TT Epaper
The Telegraph
Graphiti
 
CIMA Gallary

Cong refuses to budge on Singh

Jan. 31: The Congress did not budge despite widespread protests and a near physical confrontation between Krishak Mukti Sangram Samiti (KMSS) workers and Sanjay Singh on Wednesday.

With the deadline for withdrawing nomination papers over at 3pm today, all four candidates, including Singh, are now in the fray for the state’s election to three Rajya Sabha seats on February 7.

Assam PCC president Bhubaneswar Kalita today reiterated that the Congress had only two contestants (Singh and himself) in the fray and the party was confident that both would win.

Evading a direct reply on the fate of Bodo Peoples’ Front (BPF) candidate Biswajit Daimary, Kalita said with 79 MLAs in the 126-member Assam Assembly the Congress could ensure the victory of only two candidates. “It will be unfair on my part to comment on the prospects of victory of the third candidate (Biswajit Daimary),” he told reporters at Rajiv Bhawan in Guwahati.

On the other hand, chief minister Tarun Gogoi, who was in Dibrugarh today, told the media that the Congress would ensure the victory of Daimary in the ensuing Rajya Sabha elections. Gogoi, however, refused to elaborate on how the victory would be possible.

Though backed by the ruling Congress, the BPF does not have the numbers to make sure Dairmary’s victory if the Opposition remains united.

Earlier the Congress had planned to ensure the victories of its two candidates — Bhubaneswar Kalita and Sanjay Singh — along with that of Daimary, by transferring its excess votes to the BPF kitty. But the plans were upset once the Opposition fielded Independent Haidar Hussain as its candidate. Hussain is an eminent journalist.

A candidate will need 32 votes to win in the 126-member House. The Congress (79) and the BPF (12) combine with two Independents have 93 votes — three short to win all the three seats.

The plan of the AIUDF (18), AGP (9) and BJP (5) to field Hussain has jeopardised Daimary’s chances of making it to the Rajya Sabha. Trinamul Congress (1), too, has decided to cast its vote against the ruling alliance.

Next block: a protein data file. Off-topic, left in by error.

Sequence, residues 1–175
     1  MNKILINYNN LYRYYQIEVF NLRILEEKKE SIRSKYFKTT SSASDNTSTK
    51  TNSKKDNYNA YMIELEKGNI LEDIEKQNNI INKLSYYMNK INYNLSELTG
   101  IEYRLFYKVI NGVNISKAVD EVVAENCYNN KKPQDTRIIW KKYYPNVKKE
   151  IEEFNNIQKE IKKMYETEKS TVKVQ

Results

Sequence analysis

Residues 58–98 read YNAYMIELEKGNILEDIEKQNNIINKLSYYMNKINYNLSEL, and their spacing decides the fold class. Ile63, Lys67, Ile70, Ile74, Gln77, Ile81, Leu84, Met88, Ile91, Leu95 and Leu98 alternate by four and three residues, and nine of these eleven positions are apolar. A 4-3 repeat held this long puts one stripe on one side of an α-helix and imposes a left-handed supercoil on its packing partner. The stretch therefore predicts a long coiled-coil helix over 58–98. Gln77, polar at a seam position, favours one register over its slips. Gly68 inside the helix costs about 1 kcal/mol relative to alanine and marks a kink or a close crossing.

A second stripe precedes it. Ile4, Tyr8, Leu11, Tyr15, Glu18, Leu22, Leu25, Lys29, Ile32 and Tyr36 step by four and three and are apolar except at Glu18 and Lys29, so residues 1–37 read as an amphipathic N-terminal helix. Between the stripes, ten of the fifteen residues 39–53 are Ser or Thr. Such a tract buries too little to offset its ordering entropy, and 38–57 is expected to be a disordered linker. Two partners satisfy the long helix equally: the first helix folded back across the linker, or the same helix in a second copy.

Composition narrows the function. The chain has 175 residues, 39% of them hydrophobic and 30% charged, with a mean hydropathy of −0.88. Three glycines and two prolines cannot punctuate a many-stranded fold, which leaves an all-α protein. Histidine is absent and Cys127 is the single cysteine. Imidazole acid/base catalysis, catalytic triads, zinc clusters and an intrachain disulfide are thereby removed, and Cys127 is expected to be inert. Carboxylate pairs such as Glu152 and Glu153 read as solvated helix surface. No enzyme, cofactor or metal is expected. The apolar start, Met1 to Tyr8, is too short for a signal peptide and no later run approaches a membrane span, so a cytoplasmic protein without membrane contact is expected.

The BPF, which yesterday threatened to withdraw the nomination of Daimary fearing his defeat, today said it has confidence in its alliance partner Congress to ensure his victory. The BPF leader, who was very vocal yesterday, preferred to stay away from the media today.

BTC chief and BPF president Hagrama Mohilary said chief minister Tarun Gogoi had promised that the BPF’s candidate would be the alliance’s second choice.

“We are confident that the Congress leaders will keep their promise and ensure our candidate’s victory,” Mohilary said.

The KMSS has taken the Congress’s arrogance of not withdrawing the candidature of Sanjay Singh as a challenge. Its president Akhil Gogoi has threatened to gherao the houses of MLAs who would be involved in horse-trading in the February 7 election.

AASU adviser Samujjal Bhattacharjya said agitation against the Congress and “outside leaders” like Sanjay Singh would not stop. “We will take a decision on agitation before the election,” he said.

In Shillong, the Northeast Congress Co-ordination Committee (NECCC) chairman D.D. Lapang today defended the AICC’s decision to field Singh from Assam. Lapang did not agree with the allegation that the Northeast is being used as a “dumping ground” to rehabilitate Congress leaders from elsewhere.

“I do not take it that way (that the Northeast is now a dumping ground). A Congressman can be used anywhere in the country. For instance, Prime Minister Manmohan Singh is not from Assam, but he is a Rajya Sabha member from there. The judgement of the AICC is final, and we cannot question that,” Lapang, who is also the Meghalaya PCC chief, said.

The former Meghalaya chief minister was bombarded with queries over the decision of the Congress leadership in Delhi to field the Uttar Pradesh leader from the neighbouring state, which has created a political storm.

He also refused to answer whether there was a dearth of leaders in the Assam Congress, thereby, prompting the leadership to import “outsiders”.